Last year Joe took an extraordinary class offered at his school called Psychology and Literature, and I posted one of Joe’s essays.
Now Joe is writing a paper with the following guidelines: Pretend that you are an expert in learning, and that our school system has hired you to recommend effective study habits for its AP students.
After doing a good bit of research, Joe concluded that motivation was one of the critical factors in effective learning.
- Notice that the words “motivation” and “emotion” both share the same root. Emotions are Nature’s way of getting us moving, acting, doing!
- Certain kinds of learning, called primary learning, come with motivation built in. Children naturally want to learn to walk, talk, pick up objects, etc.
- Secondary learning isn’t natural. Human beings weren’t built to read or drive or do calculus. Learning those skills is difficult for the human brain, and the motivation to learn them has to come from external sources.
- People vary in what sorts of secondary learning they enjoy. Reading, writing, playing sports, learning how a car’s engine works…some folks love these activities while others find them difficult or boring. This variation is normal; human beings are a social species and we are supposed to vary from one another so we can occupy different niches in society.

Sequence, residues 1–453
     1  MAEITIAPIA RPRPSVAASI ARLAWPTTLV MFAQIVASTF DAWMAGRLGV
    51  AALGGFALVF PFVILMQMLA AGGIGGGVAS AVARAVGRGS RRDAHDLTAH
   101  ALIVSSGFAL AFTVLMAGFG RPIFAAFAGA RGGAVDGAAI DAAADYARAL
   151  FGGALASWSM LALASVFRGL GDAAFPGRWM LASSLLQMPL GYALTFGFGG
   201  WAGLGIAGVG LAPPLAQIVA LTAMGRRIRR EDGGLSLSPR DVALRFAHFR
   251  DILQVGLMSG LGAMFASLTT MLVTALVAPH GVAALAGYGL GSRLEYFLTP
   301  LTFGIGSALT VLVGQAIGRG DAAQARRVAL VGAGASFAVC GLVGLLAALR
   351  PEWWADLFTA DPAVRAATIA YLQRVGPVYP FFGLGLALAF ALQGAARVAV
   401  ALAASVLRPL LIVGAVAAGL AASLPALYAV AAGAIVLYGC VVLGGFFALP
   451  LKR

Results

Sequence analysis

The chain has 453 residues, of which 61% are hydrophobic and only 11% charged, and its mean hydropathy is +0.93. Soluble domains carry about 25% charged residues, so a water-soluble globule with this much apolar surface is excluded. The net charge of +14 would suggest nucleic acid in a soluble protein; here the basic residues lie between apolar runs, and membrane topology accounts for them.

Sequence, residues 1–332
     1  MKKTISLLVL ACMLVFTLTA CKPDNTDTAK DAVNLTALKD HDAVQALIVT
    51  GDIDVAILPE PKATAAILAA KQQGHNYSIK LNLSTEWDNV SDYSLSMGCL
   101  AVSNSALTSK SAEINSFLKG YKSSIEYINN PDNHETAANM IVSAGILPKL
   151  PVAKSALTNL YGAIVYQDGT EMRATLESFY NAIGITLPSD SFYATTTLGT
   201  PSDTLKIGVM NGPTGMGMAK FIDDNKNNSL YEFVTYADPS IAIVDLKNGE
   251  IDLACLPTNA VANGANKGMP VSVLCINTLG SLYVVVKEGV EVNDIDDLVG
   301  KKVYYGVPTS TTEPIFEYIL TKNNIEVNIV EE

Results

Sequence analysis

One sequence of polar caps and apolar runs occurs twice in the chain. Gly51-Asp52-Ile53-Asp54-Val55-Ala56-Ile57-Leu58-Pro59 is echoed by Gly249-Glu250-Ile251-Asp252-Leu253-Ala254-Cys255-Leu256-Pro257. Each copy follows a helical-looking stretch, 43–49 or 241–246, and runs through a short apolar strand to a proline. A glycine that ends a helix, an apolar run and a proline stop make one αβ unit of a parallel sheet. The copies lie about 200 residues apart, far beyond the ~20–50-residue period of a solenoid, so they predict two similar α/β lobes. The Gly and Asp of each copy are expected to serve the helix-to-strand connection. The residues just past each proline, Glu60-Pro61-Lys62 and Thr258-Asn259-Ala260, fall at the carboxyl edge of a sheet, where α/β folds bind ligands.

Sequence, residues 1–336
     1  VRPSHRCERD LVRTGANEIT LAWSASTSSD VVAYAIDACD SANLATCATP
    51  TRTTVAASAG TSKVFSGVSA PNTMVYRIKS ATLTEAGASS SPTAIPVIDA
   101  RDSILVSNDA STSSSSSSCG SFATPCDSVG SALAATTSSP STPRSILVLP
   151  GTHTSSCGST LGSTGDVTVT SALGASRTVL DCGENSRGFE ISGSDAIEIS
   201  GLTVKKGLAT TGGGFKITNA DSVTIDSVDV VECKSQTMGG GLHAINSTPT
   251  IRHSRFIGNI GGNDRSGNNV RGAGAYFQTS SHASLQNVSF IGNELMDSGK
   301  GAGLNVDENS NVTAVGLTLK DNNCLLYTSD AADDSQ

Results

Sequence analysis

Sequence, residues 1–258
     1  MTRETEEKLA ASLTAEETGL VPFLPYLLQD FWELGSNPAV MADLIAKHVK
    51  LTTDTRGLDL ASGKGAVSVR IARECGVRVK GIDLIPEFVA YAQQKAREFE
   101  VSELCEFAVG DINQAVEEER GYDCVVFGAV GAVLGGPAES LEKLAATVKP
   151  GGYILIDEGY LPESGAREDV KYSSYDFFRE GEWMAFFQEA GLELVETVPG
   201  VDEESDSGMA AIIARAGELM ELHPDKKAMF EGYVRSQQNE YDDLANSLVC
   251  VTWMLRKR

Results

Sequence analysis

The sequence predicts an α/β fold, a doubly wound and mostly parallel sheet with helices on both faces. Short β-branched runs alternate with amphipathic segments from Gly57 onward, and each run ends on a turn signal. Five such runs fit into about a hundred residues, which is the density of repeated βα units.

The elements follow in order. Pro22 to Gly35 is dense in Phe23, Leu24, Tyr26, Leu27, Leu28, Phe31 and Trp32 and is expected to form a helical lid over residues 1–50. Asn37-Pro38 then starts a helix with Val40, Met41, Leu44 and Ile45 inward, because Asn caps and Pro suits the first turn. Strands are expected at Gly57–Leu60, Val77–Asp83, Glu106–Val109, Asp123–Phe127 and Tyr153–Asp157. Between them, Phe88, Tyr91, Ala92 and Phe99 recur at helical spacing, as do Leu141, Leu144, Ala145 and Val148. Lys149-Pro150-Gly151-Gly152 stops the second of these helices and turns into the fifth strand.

How can motivation for learning be increased?
- Accept that learning may be difficult. Learning isn’t always natural, and therefore it isn’t always easy. There’s nothing wrong with you if you’re not always having fun or not always understanding or remembering everything easily.
- Keep working at it. Learning requires the construction of new neural pathways in your brain. Just like physical exercise, it takes repetition over time to build up strong, quick pathways. Don’t give up!
- Make it social. Peer pressure can be a good thing. Study with serious-minded pals; help each other and keep each other going.
- Get geeky. Often a subject is boring because it’s detached from anything else in your experience. Do some background research (Wikipedia is an excellent place to begin) and look for interesting facts and connections. Dig deep enough and you’ll find something cool about even the most tedious topic.
- Revisit and review. Flip back to Chapter One in your algebra book, or that first list of Spanish vocab words, and look at how much you’ve learned! Remember how confusing that stuff was at first? Go over it again and practice a few problems to entrench your foundational knowledge at a deeper level, and to enjoy that feeling of accomplishment.
photos of Nika playing, an example of primary learning (learning to chase moving objects is internally motivated in kittens)